Album review: TRIGGERFINGER – All This Dancin’ Around




Dramatico Records [Release date 15.04.13]

What’s in a name? Triggerfinger is a condition related to the forefinger, but transferred to a musical context, the concept might explain the Flemish combo’s jerky and restless style. They think nothing of sudden shifts from power riff-driven, pulsating rock to Grunge, Garage Punk with hints of psychedelia, all anchored by a bluesy undertow.

“All This Dancin’ Around” is an enjoyable bundle of contradictions.  The Belgium bad is influenced by stoner rock, think Queens of the Stone Age meets grunge era Neil Young.  They momentarily explore fleeting Brit influences such as Muse and even Radiohead, and the unrelenting riffs and spirally bass lines generate the same sort of  power and energy to be found in latter career Rush – albeit bluster in search of a decent song.

Triggerfinger are clearly the sum of their unique parts, ranging from the startling vocals of Rubem Block, who thinks nothing of using his voice as an extra layered instrument, to the virtuosic bass playing of Paul Van Bruystegem. Mario Goossens’ percussive versatility nicely shapes everything, from the portentous press rolls on ‘Feed Me’ to the thundering propulsive rhythms of the up tempo ‘Tuxedo’.

“All This Dancin’ Around” is an exhilarating ride, full of big production values, tensions busting solos, dramatic vocal swoops and an adventurous music spirit that won’t be sated until every stylistic potential has been explored.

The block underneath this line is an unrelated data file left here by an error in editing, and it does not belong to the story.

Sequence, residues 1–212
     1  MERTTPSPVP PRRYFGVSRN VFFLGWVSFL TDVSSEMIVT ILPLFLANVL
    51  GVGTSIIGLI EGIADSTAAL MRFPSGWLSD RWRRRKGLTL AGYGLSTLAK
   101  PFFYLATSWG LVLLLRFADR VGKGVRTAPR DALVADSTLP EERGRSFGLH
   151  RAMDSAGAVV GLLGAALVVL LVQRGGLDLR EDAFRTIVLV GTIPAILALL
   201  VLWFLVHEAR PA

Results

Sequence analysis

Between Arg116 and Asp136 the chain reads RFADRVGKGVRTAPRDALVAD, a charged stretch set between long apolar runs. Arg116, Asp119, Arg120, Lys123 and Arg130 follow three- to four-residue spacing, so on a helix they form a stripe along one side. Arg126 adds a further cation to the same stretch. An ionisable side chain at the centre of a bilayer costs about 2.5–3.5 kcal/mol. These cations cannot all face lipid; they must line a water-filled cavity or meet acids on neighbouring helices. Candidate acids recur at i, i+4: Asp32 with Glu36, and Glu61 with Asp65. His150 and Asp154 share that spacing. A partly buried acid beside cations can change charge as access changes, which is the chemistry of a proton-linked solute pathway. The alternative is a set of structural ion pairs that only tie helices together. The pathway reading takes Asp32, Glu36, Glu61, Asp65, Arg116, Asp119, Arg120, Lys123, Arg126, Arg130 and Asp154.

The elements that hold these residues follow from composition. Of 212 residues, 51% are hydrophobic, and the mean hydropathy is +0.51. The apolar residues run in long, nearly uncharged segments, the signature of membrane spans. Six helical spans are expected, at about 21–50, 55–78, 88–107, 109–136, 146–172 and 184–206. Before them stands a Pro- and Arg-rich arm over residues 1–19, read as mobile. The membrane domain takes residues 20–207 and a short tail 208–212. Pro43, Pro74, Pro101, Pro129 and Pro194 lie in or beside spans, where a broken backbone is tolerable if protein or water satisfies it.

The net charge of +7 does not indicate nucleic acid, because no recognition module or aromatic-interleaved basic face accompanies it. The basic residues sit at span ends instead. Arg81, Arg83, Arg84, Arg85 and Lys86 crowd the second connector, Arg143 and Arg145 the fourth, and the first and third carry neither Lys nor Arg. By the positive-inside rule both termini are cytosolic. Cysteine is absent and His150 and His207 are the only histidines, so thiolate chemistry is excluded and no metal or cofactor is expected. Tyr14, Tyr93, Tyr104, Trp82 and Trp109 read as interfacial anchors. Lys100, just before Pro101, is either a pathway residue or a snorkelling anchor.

So while the album opens with a ripping brace of stadium rockers and moves into the sharply contrasting heavy grunge and starling falsetto of ‘I’m Coming For You’, the big tremolo guitar motif and close to the mic vocal of ‘Love Lost in Love’ suggests there’s more to their material than mere bombast.

Indeed by the time of the vocal piece of ‘All Night Long’  - a post Radiohead bluesy take on the old Ray Charles song – Triggerfinger explore the kind of  eclectic arrangement and unfettered vocal style that will largely determine whether you like them or not.

The 8 minute opus ‘My Baby’s Got A Gun’ further wracks up the tension, before exploding into a grungy drone. It’s got the kind of troubled poetic lyrics that Jim Morrison might have brought to life, but here it’s in danger of merely testing your patience.

And while the band further explore a heavier Muse style drone on ‘Cherry’ – all rumbling bass and angst filled vocals – they retain their ability to surprise with the dreamy ‘Without A Sound’. The song evokes New Order and the deliberately plucked bass line would surely make Peter Hook smile.

They save their best for last on ‘It Hasn’t Gone Away’, as a grungy Neil Young arrangement collides with a Lennon vocal, in a triumph of a psychedelic swirl over meaning.

It is no real surprise to learn that the band’s commercial breakthrough came with a cover of Lykke Li’sI Follow Rivers’. The relaxed, whistled melody swaps minimalism for bombast and breathes enough to effectively showcase Block’s yearning vocals. The same can be said of the bonus acoustic version of ‘Love Lost In Love’, proof if needed that the band are just as good without a wall of sound.

At times Triggerfinger flatter to deceive. They press the right buttons, mine a few familiar riffs and Ruben’s vocal swoops successfully unlocks different moods and feels as the band reaches for something epic. You sense their ambitions are limitless, but what’s missing is a memorable song.  **** (4/5)

Review by Pete Feenstra

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